Picture: Charles Nyiha

We all have secrets. Or, at least, things we do not so easily talk about. Sometimes because we are ashamed, other times because these things are difficult to talk about, to explain; or because even we do not understand these things. Sometimes it’s just not the right person we’re speaking to; other times we ourselves are not the right people yet.

Getting to the place where we can talk about these things, finally, freely, is a breath of fresh air; is magic. The point at which we can finally release that pent-up emotion is a kind of salvation.

But before we can admit these things to people, and ourselves, we struggle to fit ourselves into the standard some devil of a thing taught us to fit into. We roll the sleeves back down to hide the scars on our hands, we laugh louder to hide the pain of the sickness we cannot speak of just yet, and we trample on our conscience to silence the screams from outside while our own screams from within, ignored, unattended to, die slow, disgraced deaths until we no longer know who or what we are, or were.

I’m breaking the silence in 2016, airing out the rooms of my soul, letting the light into those dark places, being free to be (willingly) seen as imperfect, utterly flawed. I will let people run their eyes over my scars, quite literally, letting go of the desire to be loved and clutching onto the need to be real, and free. Maybe I will write about this later, maybe I will not—but I am going to make it happen.

I recently met up with a friend who has sickle cell anaemia. Disease is a world on its own, with its own rules and coping mechanisms, its seasons and motions; its own personality, over and above the rules and coping mechanisms and seasons and motions and personality of life that we all have to deal with. There is the humorous side, if you would like to see it, but it is also a heavy burden to carry, and even more because it is not exactly a relatable one. I believe all pain is legitimate and should be equally acknowledged, but the problem of a broken relationship is in a sense easier to discuss over dinner than the complexity of emotion experienced over frequent sickle cell crises.  She has been made fun of for her ‘big, yellow’ eyes and introversion, because people ridicule what they do not understand. And the seemingly small things are often the marks on the surface arising from the deepest undercurrents. The girl is damn tough, a regular superstar.

Then there’s Juliet Maruru. With lupus. You can see something of her story here. I’ll just say what I know about Juliet. I had just gone through one of the more terrible experiences of my life and was desperately looking for things to do to distract me. So I started compulsively attending every event that I got an email about. I met Juliet at a Goethe-Storymoja workshop and basically, she introduced me to the creative world in a way I had never fathomed possible. I said something like, Juliet, let me get involved. She said something like, Stephanie, send me this and attend that and attend that and attend that. And look, I fell in love; deep, deep, thrilling love, with writing. Writing fiction especially, poetry occasionally and non-fiction on nights like this. I fell in love with thinking. Evolving. We had these sessions called Ideagasms in the weeks leading up to the 2015 Storymoja Festival and these were just sessions in which Juliet (and anyone else who felt like it) would provoke us into thought; into challenging established ways of thinking and good heavens I do not know if I could be more excited. But sometimes Juliet would be tired or wouldn’t talk much (but not really in an unusual way) and I had no idea that this was because of a bigger issue. Here we have another incredible creature who is opening worlds up to young Kenyans, who’s giving us vision and passion and is making us laugh but is also struggling with heavy, heavy burdens. But therein lies the profound.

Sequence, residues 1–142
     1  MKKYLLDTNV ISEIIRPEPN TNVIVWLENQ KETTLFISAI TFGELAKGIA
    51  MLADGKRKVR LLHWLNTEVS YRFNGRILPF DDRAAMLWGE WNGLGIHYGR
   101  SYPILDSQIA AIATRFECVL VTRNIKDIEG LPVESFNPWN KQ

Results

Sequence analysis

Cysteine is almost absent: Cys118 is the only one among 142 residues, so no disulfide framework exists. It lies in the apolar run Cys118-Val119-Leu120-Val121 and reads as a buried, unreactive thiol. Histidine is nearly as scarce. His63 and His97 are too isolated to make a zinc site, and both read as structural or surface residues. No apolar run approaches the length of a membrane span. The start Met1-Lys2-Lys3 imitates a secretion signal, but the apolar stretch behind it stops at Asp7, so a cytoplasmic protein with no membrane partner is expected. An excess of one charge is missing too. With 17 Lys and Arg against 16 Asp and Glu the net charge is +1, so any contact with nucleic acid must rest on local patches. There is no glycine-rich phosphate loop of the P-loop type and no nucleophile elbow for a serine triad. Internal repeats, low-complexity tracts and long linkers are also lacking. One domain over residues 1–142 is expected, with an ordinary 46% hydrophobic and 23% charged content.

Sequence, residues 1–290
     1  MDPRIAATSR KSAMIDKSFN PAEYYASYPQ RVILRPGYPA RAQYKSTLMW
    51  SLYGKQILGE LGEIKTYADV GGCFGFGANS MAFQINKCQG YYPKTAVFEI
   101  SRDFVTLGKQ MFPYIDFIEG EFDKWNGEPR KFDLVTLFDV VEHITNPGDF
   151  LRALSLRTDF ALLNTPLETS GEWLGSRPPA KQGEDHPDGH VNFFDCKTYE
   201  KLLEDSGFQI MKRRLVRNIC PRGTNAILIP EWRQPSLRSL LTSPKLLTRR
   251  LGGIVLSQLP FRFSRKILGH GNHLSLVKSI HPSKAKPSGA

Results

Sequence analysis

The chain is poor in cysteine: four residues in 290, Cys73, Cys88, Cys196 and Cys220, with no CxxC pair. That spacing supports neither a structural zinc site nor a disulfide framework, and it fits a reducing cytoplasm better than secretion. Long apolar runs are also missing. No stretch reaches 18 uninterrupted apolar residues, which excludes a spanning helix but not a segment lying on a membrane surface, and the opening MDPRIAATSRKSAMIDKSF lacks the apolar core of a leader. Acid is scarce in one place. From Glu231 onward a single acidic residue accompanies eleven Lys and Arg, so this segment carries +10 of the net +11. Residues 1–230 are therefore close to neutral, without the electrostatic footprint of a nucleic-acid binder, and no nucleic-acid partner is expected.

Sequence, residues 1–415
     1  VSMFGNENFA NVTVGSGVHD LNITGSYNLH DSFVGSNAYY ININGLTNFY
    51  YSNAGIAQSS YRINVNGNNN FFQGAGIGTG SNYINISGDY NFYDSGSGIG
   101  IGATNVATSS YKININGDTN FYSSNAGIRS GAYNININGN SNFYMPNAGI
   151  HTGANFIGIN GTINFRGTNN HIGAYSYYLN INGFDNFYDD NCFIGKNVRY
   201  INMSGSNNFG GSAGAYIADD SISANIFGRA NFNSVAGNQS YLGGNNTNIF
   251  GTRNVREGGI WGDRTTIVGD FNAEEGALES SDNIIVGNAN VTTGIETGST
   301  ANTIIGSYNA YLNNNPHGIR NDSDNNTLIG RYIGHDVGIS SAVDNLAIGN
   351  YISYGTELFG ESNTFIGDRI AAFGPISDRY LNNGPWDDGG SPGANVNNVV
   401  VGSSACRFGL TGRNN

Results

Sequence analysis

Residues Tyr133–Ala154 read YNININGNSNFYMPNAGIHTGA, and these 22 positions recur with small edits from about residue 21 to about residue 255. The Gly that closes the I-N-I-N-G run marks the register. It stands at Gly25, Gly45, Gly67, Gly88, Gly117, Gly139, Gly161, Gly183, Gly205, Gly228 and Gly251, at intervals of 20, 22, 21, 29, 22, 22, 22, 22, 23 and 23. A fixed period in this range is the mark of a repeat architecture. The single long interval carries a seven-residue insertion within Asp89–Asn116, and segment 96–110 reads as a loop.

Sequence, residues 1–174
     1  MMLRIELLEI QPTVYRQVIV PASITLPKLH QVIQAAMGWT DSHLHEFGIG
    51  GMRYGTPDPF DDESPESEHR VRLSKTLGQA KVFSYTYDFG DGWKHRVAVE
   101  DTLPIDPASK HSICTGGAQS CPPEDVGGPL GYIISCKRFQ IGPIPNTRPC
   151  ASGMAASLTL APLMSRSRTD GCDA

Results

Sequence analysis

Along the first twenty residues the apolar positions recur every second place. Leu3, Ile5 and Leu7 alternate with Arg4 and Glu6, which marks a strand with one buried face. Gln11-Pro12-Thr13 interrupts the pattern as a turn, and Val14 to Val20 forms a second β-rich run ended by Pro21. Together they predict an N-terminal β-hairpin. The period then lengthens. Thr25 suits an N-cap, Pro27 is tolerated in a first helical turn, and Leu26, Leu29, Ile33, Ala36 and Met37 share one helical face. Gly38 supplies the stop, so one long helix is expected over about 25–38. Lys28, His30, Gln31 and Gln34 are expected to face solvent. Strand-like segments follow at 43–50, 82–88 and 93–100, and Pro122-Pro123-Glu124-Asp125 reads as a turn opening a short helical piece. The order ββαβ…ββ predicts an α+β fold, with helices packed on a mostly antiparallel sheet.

Disease, insecurity, fear. We don’t like to speak about these. We like to create the perfect, idyllic story for all to aspire to, and uncomfortably push the unfamiliar to remote, undisturbed places.  But people are such fantastic, strange, inspiring worlds; each one, and I am just trying to push for the regularization of difference; to allow for it. We have got to be honest and admit that some people’s lives are far from what is currently considered ideal or regular but not to see that as a terrible thing in itself—to try to carve a world that recognizes difference and allows for it, as well as the deep, explosive pleasures that can be experienced within difference, and the ability to acknowledge, too, the heart-wrenching pain that does come with difference. There are so many brands of breath-taking, soul filling beauty that I feel it is such a pity that we cling to convention.

And so I would say, to those with some sorts of undercurrents bubbling within, try to wear your ‘ugly’ out for a day, with all the confidence and normalcy and joy and excitement and utter defiance that you can muster…

But I won’t lie I know what will happen; I just think it might be a good idea. Then take it from there. J

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